“So, what exactly is the purpose of good works in the Christian life?”
1) Is it to gain a right standing before God or be accepted by Him? Is it to try and appease His infinite, holy, and just wrath against our sin? Is it to earn our own salvation from the right wages of our sin, spending an eternity in conscious bodily torment as the just penalty for our offense against God?
No, because salvation cannot be earned. Rather, it is a free gift of God. The Word of God reads:
“For the wages of sin is death, but the free gift of God is eternal life in Christ Jesus our Lord.” – Romans 6.23
“For by grace you have been saved through faith. And this is not your own doing; it is the gift of God, not a result of works, so that no one may boast.” – Ephesians 2.8-9
2) Does this question seem irrelevant? Are works to even play a part in the Christian life since salvation is by grace?
Yes. Works do play a part. In fact, they are a vital part of the Christian life, as they serve to validate the Christian faith:
“What good is it, my brothers, if someone says he has faith but does not have works? Can that faith save him? … So also faith by itself, if it does not have works, is dead … For as the body apart from the spirit is dead, so also faith apart from works is dead.” – James 2.14-17, 26
3) Is it to make much of the Christian? Is it to make moral the pagan man? Is it to clean up that which would otherwise be filth? Is it to exalt the Christian that he might appear good before others? Is it to puff-up the Christian in order to look down his nose at others?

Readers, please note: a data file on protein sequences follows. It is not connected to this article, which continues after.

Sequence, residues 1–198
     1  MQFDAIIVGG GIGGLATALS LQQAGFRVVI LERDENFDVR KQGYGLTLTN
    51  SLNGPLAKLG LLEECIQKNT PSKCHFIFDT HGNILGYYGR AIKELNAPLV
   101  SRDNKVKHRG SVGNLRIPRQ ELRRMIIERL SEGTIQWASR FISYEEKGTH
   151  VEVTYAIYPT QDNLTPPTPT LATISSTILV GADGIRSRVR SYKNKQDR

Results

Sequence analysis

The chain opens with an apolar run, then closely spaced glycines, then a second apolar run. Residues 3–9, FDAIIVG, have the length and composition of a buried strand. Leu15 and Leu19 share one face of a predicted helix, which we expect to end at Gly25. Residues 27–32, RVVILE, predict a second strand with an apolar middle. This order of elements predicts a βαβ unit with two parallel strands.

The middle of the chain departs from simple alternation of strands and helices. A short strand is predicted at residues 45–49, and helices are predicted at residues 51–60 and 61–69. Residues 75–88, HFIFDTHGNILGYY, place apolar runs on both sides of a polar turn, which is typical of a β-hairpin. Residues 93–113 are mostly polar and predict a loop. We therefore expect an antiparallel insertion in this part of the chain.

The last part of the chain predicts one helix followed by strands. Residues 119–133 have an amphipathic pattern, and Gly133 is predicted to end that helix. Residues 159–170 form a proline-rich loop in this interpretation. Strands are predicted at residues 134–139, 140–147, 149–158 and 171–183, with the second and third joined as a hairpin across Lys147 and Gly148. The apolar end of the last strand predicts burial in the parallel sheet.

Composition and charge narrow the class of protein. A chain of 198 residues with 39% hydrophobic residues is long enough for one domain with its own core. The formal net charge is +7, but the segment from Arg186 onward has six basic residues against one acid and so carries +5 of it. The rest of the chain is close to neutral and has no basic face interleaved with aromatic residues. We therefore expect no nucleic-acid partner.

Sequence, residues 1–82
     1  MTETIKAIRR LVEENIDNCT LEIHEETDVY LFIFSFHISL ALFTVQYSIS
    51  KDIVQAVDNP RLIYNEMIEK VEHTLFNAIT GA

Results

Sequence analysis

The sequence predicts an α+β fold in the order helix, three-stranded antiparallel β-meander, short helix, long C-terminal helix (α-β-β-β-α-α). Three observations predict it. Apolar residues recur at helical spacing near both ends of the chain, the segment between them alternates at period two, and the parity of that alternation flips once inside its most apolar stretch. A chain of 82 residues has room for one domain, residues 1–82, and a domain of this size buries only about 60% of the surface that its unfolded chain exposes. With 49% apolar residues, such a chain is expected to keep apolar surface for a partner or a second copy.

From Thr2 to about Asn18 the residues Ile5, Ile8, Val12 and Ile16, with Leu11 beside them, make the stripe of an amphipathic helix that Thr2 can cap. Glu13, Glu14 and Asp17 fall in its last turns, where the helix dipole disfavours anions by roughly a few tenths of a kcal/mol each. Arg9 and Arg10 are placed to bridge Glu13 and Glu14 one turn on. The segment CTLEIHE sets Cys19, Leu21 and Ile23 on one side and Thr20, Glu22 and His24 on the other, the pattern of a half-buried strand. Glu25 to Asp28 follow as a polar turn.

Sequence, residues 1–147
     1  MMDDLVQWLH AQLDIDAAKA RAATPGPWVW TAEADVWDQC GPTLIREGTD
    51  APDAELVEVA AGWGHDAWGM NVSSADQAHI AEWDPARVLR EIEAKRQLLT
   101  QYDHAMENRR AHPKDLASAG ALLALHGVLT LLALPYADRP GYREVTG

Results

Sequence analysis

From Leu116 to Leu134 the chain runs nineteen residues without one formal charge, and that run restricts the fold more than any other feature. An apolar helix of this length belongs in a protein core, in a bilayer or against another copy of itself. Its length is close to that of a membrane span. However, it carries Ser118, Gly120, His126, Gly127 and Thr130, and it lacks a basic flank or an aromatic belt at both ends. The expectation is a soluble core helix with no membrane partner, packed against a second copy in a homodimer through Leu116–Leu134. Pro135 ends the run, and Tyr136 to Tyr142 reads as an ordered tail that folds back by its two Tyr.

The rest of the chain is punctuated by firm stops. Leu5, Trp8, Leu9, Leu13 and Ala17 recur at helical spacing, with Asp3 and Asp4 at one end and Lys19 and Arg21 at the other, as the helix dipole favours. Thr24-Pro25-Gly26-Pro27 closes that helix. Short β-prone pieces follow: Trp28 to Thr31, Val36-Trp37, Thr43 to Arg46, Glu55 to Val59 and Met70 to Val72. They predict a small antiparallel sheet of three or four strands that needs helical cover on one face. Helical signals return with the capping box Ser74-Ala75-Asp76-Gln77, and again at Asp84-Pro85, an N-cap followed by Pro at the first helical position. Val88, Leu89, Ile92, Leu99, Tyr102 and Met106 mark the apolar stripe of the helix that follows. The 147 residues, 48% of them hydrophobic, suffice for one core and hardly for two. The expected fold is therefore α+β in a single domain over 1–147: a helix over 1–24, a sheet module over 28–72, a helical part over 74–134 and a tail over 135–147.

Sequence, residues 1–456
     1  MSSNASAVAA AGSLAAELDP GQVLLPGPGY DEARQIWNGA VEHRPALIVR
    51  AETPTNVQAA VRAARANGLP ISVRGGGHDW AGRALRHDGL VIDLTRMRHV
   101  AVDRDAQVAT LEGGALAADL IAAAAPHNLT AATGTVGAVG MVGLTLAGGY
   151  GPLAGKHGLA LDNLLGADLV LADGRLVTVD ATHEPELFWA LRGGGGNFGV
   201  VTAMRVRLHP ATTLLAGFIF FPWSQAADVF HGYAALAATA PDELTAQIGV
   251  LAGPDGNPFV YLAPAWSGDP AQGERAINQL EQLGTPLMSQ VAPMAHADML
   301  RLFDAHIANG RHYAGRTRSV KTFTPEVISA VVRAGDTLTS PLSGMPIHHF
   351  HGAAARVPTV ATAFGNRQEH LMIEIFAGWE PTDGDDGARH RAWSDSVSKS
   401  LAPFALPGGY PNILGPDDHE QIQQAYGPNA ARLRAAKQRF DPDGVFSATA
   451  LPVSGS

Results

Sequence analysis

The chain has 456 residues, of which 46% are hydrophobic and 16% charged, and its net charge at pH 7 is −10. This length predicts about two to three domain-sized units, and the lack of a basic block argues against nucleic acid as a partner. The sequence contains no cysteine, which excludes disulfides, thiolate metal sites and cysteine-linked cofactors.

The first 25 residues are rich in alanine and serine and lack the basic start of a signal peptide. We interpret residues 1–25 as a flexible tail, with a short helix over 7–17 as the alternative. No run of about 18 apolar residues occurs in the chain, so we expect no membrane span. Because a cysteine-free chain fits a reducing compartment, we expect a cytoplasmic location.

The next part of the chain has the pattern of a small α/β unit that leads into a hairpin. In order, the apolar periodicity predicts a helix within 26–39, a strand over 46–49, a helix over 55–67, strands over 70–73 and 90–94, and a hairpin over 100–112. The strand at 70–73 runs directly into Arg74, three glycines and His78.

No. While genuine salvation does cleanse, it is not about spreading the cause of morality or elevating self-image. Rather, it is about making much of God:
“In the same way, let your light shine before others, so that they may see your good works and give glory to your Father who is in heaven.” – Matthew 5.16
So, what is the purpose of good works? To point those around us to the Father. This can be evangelistic if we find ourselves in the company of non-believers or it can be for the purpose of building up the body of Christ when in the company of fellow believers. However, it is always to validate the profession of faith we have already made and affirm the salvation we have already freely received, to the glory of God, the Father.